In recent weeks, filmmakers featured in the series Films from Here: Recent Views from the Arab World have been sending me their thoughts on their films (which we will be sharing on MoMA’s social media channels).
Posts by Sophie Cavoulacos
A sense of place pervades the work of British artist Shezad Dawood, but we’re not talking about your picture-postcard nostalgia. Dawood’s first feature film, Piercing Brightness, is at the surface a stylized science-fiction tale, but it could equally be read as a public artwork of sorts.
At its core, New Directors/New Films celebrates the unexpected and cutting-edge in movie making, and the 16 short films in this year’s festival offer plenty of excitement about the future of the medium.
A notable amount of these short films experiment with modes of storytelling, at times eschewing dialogue-driven narratives altogether.
Alongside Citizenfour, Timbuktu might be the most urgently topical film of the year, but unlike Citizenfour, Timbuktu is not a documentary. This narrative film, the latest by Malian auteur Abderrahmane Sissako, was inspired by a 2012 entry in a local Malian newspaper about a couple being stoned to death for having children out of wedlock. Sissako’s interlocking stories of Timbuktu residents bring texture to tragically frequent headlines chronicling the rise and bloody tactics of foreign jihadists on the African continent.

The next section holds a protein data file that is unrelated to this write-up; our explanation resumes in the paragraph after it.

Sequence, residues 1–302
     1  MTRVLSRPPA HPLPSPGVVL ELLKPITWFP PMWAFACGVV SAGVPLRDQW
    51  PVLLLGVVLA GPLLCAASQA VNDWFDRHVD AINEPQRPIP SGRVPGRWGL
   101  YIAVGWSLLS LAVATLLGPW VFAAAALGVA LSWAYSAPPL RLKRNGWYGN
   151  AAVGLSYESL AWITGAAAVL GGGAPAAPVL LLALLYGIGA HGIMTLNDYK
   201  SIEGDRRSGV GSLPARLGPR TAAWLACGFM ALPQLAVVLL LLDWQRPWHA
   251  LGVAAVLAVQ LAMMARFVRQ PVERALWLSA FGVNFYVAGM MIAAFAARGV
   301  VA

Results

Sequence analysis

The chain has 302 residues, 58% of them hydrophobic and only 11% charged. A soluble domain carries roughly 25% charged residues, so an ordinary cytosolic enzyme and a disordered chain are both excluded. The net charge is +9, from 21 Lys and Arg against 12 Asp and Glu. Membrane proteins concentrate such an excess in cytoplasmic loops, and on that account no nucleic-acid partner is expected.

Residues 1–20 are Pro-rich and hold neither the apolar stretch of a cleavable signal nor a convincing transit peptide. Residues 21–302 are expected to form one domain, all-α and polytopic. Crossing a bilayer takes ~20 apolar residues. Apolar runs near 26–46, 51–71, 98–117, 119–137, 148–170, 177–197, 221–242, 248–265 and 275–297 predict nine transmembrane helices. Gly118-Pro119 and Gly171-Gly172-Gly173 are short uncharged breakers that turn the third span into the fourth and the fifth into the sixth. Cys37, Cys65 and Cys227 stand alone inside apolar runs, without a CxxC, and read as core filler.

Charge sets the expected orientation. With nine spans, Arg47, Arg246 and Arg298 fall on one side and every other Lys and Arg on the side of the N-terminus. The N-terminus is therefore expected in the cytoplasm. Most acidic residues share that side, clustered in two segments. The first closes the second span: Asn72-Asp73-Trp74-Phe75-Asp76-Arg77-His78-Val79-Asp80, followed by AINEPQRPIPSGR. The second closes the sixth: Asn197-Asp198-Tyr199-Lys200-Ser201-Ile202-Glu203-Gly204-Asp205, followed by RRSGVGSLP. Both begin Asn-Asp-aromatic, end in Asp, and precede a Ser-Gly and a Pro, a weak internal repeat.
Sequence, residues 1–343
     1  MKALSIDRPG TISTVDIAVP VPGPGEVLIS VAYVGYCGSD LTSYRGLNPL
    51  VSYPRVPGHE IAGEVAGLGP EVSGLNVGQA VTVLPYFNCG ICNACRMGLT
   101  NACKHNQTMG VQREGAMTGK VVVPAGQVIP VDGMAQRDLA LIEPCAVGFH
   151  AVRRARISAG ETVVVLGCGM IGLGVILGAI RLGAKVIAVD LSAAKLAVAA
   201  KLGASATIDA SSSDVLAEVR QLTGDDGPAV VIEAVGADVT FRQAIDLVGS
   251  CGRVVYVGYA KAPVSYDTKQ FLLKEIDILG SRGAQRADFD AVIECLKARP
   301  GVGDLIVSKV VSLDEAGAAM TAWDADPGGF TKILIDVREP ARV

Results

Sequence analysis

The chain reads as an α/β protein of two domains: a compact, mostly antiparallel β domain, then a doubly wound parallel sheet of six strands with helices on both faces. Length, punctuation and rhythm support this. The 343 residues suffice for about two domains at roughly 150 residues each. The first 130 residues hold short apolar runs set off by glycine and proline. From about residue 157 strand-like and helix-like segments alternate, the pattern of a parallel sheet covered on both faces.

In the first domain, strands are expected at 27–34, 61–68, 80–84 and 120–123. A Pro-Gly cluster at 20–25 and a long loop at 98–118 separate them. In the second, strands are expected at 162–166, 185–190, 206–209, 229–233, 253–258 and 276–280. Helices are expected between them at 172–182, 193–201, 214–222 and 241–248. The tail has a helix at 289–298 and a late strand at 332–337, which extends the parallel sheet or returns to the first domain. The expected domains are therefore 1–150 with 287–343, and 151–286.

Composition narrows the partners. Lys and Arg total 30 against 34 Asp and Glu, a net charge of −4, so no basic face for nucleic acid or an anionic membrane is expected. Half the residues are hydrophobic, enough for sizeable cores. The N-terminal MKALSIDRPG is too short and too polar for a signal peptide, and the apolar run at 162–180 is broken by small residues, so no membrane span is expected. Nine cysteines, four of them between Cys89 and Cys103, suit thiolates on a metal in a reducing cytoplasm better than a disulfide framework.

Although it was only published from 1928 to 1940, the French film weekly Pour Vous was remarkably modern in its international perspective. Curators and consumers of contemporary culture are familiar with increasingly transnational modes of artistic production
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